4. How to use Moneywort in an aquarium
Most fish species shouldn’t have any issues with moneyworts in the tank. As plants with small round leaves, this specimen of aquatic plants is suitable as mid-ground decorations and as a carpeting choice.
Plant them equidistantly and offer them enough space to grow. Allow your small fish species to take moneyworts as cover and explore its branches and leaves. If possible, anchor them to the substrate for better leverage against abusive fish species.
5. Maintenance of Moneywort in a Tank
Here is a checklist of how to maintain moneyworts after they’ve been settled in the tank and are thriving.
- Pruning and Trimming
Trim the plants as per your preference and remove any dead leaves or branches that may jeopardize water quality.
- Algae Growth
Algae growth is pretty substantial on moneywort leaves. Clean them gently during water change and check the nitrate levels of your tank.
- Fish and Invertebrates
Ensure moneyworts aren’t in your fish’s diet. Herbivore fish and certain invertebrates love chomping on plants as treats.
- Water Change
Perform a 10-20% water change every 1-2 weeks to maintain water quality for your fish and moneyworts. Adjust the occurrences as per your tank’s needs.
How to Plant Moneywort
If your moneywort is sourced from a pet store it possibly has a root system growing already. Plant them directly into the soil or dirt in your substrate. You may also keep them floated in nutrient-rich aquariums.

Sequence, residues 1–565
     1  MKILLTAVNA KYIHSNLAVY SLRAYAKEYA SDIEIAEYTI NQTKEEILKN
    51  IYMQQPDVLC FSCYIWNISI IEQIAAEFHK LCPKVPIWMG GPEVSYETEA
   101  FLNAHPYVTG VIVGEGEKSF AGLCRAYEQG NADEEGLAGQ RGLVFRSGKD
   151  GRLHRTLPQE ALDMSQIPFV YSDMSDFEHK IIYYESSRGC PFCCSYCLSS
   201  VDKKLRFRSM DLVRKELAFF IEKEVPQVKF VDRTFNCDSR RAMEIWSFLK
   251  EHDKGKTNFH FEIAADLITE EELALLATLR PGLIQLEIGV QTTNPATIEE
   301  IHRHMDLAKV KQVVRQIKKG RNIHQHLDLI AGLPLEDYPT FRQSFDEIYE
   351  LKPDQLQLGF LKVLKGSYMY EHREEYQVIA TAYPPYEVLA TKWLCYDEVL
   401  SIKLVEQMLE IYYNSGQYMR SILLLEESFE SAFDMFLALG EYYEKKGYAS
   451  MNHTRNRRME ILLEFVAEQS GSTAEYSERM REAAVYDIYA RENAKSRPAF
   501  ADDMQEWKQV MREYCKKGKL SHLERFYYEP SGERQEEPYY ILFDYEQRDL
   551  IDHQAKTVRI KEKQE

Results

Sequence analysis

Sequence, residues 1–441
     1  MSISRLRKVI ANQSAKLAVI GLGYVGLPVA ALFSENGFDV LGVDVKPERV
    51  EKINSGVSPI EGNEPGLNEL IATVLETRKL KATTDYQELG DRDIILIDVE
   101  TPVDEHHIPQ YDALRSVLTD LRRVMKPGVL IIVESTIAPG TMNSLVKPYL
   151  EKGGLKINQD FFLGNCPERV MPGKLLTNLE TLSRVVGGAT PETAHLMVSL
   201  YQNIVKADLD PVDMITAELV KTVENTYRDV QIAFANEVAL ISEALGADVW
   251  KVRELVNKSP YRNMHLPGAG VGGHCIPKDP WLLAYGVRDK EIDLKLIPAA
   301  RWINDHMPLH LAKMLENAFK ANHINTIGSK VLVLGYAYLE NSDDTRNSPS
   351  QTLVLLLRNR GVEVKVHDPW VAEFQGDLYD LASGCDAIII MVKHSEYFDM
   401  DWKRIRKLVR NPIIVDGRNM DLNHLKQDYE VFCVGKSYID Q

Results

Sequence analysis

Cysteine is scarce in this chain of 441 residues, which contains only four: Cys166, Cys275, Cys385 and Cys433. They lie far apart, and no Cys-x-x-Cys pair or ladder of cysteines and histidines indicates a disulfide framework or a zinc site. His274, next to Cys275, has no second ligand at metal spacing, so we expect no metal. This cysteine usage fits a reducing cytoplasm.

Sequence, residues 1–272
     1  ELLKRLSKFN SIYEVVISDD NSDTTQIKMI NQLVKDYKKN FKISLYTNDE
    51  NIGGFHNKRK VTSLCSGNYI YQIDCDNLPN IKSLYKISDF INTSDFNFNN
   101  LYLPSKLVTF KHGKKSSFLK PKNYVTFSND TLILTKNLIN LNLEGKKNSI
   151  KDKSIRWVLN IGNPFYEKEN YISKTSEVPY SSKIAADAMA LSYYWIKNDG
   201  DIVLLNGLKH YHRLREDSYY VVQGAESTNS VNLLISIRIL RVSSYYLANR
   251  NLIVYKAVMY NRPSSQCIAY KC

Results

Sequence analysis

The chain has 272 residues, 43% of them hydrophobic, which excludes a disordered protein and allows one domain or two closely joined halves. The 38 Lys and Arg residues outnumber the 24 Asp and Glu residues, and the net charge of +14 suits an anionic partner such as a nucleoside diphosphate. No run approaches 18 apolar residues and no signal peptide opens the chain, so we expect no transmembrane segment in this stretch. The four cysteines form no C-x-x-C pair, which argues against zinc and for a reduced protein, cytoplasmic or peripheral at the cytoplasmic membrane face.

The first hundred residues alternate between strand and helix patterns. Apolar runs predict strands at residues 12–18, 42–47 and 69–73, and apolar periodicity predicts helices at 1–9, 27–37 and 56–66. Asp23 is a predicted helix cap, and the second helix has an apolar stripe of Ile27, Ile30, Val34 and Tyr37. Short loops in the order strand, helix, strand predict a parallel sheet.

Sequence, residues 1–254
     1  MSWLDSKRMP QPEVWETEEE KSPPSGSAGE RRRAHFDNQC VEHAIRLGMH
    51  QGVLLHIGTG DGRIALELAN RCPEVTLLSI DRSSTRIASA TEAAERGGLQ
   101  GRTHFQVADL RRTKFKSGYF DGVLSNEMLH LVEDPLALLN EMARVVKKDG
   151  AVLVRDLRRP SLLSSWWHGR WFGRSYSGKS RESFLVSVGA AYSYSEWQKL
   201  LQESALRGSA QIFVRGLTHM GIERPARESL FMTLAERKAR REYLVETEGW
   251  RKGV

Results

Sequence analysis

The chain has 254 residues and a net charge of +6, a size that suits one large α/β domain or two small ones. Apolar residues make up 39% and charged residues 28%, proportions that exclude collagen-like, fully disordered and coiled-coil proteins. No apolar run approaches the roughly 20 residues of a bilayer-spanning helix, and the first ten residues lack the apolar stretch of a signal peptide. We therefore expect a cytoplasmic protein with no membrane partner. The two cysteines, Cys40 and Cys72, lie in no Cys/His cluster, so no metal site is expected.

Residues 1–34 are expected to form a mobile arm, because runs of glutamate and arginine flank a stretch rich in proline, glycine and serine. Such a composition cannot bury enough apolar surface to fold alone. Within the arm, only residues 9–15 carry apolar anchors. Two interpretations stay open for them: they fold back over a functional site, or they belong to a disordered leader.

On the other hand, if you’ve collected or received a piece of moneywort stem cut from the main branch, it may take longer for the roots to sprout. You’ll see them barely surviving before suddenly growing like crazy.
You may also use tweezers to plant the moneyworts safely.
How to Propagate Moneywort
Propagation Level – Easy
It’s easy to propagate or “replicate” moneywort plants. The essential materials include:
- A healthy moneywort plant
- Aquarium scissors or pruning scissors
- Substrate (optional)
- Choose a vibrant, healthy, free-from-disease moneywort plant.
- Ensure that your scissors are sharp and clean. Dull edges can harm the plant.
- Choose a stem that has healthy leaves and has grown long enough. Better, if the leaf nodes have started growing roots.
- Make a clean diagonal cut below the leaf nodes. The cut should leave several leaves on the stem.
- Either plant the stem into the substrate or leave them floating on the water’s surface. Moneywort plants develop roots while floating.
You don’t need to offer any additional nutrition or CO2 to the propagated stems. Leave them as they are and maintain the water parameters.
Tank Mates for Moneywort
Except for a few exceptions, moneyworts are pretty friendly with other aquatic species and plants.. Here is a compatibility list for moneyworts.
1. Suitable Plants with Moneywort
The adaptive moneyworts don’t compete with any plants. However, it prefers plants with a non-invasive nature and slow growth rate. Let’s look at some plants that require similar water parameters to Moneyworts and can be used for aquascaping.